As a society, our attitude to kids can be pretty messed up – doubly so when they’re troubled teens. Fortunately, science fiction is here to save the day. And fortunately for the people inhabiting fictional versions of London and Tokyo, the teens are here to save them.
When Empathy Fails
It’s difficult for us, as adults, to find the right balance with any kid. The desire to protect the vulnerable can turn into disempowering them, taking away their ability to make choices and take risks. But if we don’t protect them enough then we put them at risk. After all, everyone needs help once in a while, and the younger you are, the less experience you have to work with.
Still, our attitude to most young people is built around empathy and a desire to help them. That falls apart for some of those who need help the most – those in their teens in deprived areas. A combination of failed structures and lack of prospects can leave them with little hope and vulnerable to the lure of crime. They empower themselves in ways that aren’t good for people around them. As they start harming others through vandalism, theft or even petty territoriality, most of us start to see them as a threat. That’s not unfair – to us, our lives and our world views, they often are a threat. But that doesn’t mean they aren’t people worthy of empathy and representation. If our culture can make us empathise with Stringer Bell or Darth Vader, it can certainly do the same here.
Troubled Teens Make Great Heroes
Fortunately, there are stories that get this. They include two of my favourite sci-fi movies – Akira and Attack the Block.
In case you’re not familiar with them, Akira is a classic anime set in the city of Neo-Tokyo in the near future. A gang of teenage criminal bikers runs into a secret military experiment and a group of rebels looking to change the world. This draws their leader, 15-year-old Kaneda, down a path of unexpected and sometimes misguided heroism, all while retaining some of his obnoxious side.
Attack the Block, a low-budget British film, is set in a run-down London housing estate, and in particular the tower block at its heart. A group of teenage wannabe gangsters, fresh from mugging a nurse, run into the beginnings of an alien invasion. Their fight for survival turns into an unlikely attempt to save their community and by extension the world. Their leader, 15-year-old Moses, becomes a hero without ever rising above his outsider status.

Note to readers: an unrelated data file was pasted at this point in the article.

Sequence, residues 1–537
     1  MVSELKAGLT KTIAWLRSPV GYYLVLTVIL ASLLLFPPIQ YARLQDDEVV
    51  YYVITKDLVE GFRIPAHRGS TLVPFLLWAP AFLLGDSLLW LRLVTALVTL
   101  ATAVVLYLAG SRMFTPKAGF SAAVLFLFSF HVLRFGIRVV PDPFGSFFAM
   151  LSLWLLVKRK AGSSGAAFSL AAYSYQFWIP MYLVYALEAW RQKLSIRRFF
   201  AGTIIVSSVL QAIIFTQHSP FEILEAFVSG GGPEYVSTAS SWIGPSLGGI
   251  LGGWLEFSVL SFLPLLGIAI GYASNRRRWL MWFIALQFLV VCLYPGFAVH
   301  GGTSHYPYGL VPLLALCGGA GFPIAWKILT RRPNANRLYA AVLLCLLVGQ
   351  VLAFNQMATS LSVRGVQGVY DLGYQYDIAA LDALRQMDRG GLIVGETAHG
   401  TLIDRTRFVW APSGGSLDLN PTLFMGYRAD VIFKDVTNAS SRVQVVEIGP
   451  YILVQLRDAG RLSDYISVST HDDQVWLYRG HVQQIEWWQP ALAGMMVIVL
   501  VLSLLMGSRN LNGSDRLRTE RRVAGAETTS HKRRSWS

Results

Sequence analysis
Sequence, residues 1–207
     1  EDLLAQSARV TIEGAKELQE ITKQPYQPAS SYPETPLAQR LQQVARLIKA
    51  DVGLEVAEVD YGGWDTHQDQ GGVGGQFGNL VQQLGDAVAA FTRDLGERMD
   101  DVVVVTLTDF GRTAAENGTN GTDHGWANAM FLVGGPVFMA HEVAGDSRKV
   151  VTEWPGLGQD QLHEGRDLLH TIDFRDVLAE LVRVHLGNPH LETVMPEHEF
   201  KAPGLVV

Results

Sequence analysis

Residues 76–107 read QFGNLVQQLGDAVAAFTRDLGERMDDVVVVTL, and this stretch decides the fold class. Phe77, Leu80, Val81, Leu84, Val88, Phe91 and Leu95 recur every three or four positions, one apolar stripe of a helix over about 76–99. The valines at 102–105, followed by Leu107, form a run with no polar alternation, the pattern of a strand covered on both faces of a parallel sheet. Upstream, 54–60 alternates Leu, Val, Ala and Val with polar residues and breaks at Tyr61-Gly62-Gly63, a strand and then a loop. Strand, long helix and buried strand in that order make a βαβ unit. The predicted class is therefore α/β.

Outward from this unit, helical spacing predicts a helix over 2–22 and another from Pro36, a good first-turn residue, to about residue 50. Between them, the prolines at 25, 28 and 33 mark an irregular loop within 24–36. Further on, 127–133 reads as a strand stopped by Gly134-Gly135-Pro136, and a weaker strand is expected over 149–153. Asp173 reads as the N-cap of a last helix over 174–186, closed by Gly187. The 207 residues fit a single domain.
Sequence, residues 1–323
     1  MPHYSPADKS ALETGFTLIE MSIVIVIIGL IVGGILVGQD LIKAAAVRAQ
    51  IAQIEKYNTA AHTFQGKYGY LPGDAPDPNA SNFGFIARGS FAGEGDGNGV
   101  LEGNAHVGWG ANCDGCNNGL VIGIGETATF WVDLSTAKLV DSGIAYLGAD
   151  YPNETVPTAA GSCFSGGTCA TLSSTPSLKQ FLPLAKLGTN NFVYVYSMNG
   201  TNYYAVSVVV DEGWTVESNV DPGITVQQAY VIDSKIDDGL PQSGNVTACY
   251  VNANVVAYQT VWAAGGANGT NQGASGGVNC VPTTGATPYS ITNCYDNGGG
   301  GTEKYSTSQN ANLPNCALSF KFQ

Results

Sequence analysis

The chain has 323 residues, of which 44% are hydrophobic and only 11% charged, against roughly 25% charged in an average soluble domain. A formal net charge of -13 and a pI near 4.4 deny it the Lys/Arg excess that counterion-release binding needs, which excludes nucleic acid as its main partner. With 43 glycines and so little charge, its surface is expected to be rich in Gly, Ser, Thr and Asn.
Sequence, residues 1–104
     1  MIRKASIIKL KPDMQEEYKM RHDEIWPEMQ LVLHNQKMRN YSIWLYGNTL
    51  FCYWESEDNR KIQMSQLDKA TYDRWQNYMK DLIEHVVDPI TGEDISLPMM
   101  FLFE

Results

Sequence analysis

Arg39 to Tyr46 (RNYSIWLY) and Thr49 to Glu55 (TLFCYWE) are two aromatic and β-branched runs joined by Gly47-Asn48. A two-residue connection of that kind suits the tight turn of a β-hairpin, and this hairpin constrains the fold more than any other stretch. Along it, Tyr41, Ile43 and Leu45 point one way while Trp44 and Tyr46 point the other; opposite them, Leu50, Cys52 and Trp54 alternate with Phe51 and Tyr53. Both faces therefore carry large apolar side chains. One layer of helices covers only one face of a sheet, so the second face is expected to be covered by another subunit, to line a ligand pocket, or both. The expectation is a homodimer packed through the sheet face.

One of the things I love about these two films is that common character thread. Both Moses and Kaneda have been dealt a shitty hand by life. Both have responded by empowering themselves through criminality. And when threatened by something monstrous, both respond not by passing the buck but by becoming heroes on their own terms. They never gain social approval. Unlike classic fantasy heroes, it doesn’t take a rise in status to enable or reward their heroics. They show that anybody can do worthwhile things.
Representative Vs Empowering
Of course, there are other stories that do this. Misfits, possibly the best British TV show so far this century, does a more realistic job of representing teens from such difficult backgrounds and their response to extraordinary circumstances. It’s less heroic and the characters are more real to their roots – also making them harder to empathise with for the middle-class audience TV drama focuses on.
While Misfits does a better job of showing this part of humanity as it is, Akira and Attack the Block show the potential in neglected young people. Like any heroic drama, they give us something to aspire to. Heroes for an abandoned corner of society.
This is why, out of the three, I like Attack the Block‘s approach to its characters the best. It doesn’t romanticise criminal delinquency in the way Akira does. It doesn’t focus on the shitty side of behaviour as much as Misfits. It says that what young petty criminals do is unacceptable, but that doesn’t make them unacceptable people. It’s a blend of nuanced and heroic that suits the film and its characters. It’s touching stuff.
Everybody deserves a chance to see themselves in science fiction. These films help to fill a gap in that, and they do it well.